Trent Cotney, CEO of Cotney Attorneys and Consultants, recently joined our podcast to discuss potential regulatory changes for coatings contractors in 2021.
Topics discussed on the episode include the impact of a new U.S. administration and what it means for OSHA and other agencies; changes to the COVID-19 landscape and its effects on contractors; and what market segments within the coatings industry could be poised for growth in the months ahead.
For more information, visit cotneycl.com.
Ben DuBose: Trent, good afternoon. How are you?
Trent Cotney: Doing great. How are you doing?
BD: Doing well. Glad to have you back on the series. Rather than me just read off the background for Cotney Construction Law, if you could, give us a 30,000-foot overview, for anyone who isn’t familiar, what your work scope is and how you all fit into the coatings contractors’ world.
TC: We are an international law firm with more than 20 offices throughout the U.S., Canada, and we also have an office in South Africa. We are dedicated to representing the construction industry. In particular, we have a large segment that is dedicated to roofing, waterproofing, and coatings. We serve as general counsel for the National Roofing Contractors Association as well as about 20 other roofing and waterproofing associations throughout the U.S. and Canada. We are a full-service law firm that handles almost any needs that anybody in the industry would have.
BD: Of course, we tend to use you as an expert when there’s some sort of legal issue of significance — or potential legal issue, I should say. We talked to you last right when COVID-19 was starting to become an issue for the industry in the spring of 2020. Now, COVID is still an issue in 2021. We’ll get to that in a little bit.
I think a good place to start is with the new U.S. administration because, as we’re talking at the beginning of February, this is less than two weeks old. This is very new. This is on the forefront of everyone’s minds. You have a new administration. You have a Congress that’s shifted from Republican controlled, at least in the Senate, to now, considering the tie breaker, Democratic controlled. Between the new U.S. administration, changes in the backdrop of Congress, what does that potentially mean for the coatings industry? What are some of the themes that we could see emerge in 2021 as it pertains to coatings contractors?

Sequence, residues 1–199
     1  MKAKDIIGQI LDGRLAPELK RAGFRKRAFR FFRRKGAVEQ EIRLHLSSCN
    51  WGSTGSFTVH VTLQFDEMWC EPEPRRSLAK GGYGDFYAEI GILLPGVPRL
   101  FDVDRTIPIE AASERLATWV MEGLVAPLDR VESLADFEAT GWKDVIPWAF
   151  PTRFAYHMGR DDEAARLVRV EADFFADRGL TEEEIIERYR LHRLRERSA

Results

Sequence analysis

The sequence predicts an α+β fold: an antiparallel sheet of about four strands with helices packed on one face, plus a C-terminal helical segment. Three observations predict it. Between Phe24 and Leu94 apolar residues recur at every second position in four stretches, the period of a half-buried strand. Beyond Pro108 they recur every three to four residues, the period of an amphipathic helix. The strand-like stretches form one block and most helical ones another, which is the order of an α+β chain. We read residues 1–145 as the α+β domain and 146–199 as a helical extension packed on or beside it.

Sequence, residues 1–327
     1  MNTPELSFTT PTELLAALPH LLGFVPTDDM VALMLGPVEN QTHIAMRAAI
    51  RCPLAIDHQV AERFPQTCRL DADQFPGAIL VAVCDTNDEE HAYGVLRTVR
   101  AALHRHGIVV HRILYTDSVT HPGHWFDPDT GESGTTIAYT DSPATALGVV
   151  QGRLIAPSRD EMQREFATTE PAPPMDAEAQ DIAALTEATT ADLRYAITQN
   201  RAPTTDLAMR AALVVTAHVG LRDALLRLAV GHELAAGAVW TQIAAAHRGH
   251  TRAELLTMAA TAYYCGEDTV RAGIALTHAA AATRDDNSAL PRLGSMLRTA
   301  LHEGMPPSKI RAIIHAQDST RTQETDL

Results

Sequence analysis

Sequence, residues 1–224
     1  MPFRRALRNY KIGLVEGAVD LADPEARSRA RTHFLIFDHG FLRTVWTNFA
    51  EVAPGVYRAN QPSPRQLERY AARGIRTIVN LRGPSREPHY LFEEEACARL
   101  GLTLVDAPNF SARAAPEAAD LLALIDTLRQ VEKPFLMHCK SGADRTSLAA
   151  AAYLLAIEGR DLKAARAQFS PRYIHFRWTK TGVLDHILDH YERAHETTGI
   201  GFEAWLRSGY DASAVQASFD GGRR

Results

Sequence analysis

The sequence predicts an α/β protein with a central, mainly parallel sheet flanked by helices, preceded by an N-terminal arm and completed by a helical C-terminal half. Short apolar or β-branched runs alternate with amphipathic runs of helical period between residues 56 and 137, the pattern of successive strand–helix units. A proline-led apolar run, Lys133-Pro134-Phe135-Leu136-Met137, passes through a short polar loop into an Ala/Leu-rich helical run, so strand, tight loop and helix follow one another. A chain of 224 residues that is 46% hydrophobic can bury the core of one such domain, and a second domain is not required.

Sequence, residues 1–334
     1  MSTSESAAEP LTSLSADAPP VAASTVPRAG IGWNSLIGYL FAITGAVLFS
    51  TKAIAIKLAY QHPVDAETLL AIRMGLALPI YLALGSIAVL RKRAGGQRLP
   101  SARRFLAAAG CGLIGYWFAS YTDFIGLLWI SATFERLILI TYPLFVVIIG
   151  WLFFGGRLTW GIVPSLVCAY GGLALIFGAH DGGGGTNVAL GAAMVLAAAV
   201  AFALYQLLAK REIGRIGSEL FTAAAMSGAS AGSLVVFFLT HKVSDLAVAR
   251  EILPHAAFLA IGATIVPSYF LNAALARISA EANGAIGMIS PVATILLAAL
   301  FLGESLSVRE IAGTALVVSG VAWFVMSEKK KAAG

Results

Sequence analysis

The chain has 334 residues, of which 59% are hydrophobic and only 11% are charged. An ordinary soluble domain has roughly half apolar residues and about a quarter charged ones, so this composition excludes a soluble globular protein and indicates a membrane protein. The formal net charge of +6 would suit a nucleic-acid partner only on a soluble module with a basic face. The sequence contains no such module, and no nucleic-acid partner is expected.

TC: Ben, that’s a great question, and that’s something that we’ve been fielding a lot, basically since last year moving into this year. What does a Biden administration hold for the coatings industry? I think there’s both good and bad. From a good perspective, the Biden administration has already signaled that it will be looking heavily into renewable and sustainable energy. Along those lines, you can expect that further stimulus money that is directed toward vertical infrastructure improvement will have a heavy leaning toward anything that involves renewable or sustainable energy.
I think coatings are prime to capitalize on cool roof systems and other things of that nature that may assist in being able to take advantage of a lot of those federal and state funding. In addition, I think that there’s going to be some favorable immigration policy for construction. One of the biggest threats to the coatings industry is lack of skilled labor. It may be possible that we have the ability to create a legal way to obtain workforce outside of the U.S. in the event that demand continues to keep on pace where it is right now.
From a potential issue for the industry, one of the things that I’m always focused on is government regulation. Sometimes it’s a good thing, but sometimes it can be bad. There’s a couple of things that we’re seeing right now that we’re tracking. One is the Biden administration has signaled that it will put a renewed emphasis on misclassification. A lot of coatings contractors out there, oftentimes what they will do is sub out labor. They will sub out a portion of the labor to perform jobs. The Biden administration has said, “We’re going to take a close look at that relationship and see if they are truly independent contractors or if they are just your employees but you're not calling them that. You’re not taking out payroll tax. You're not doing the kind of things that you need to be doing.”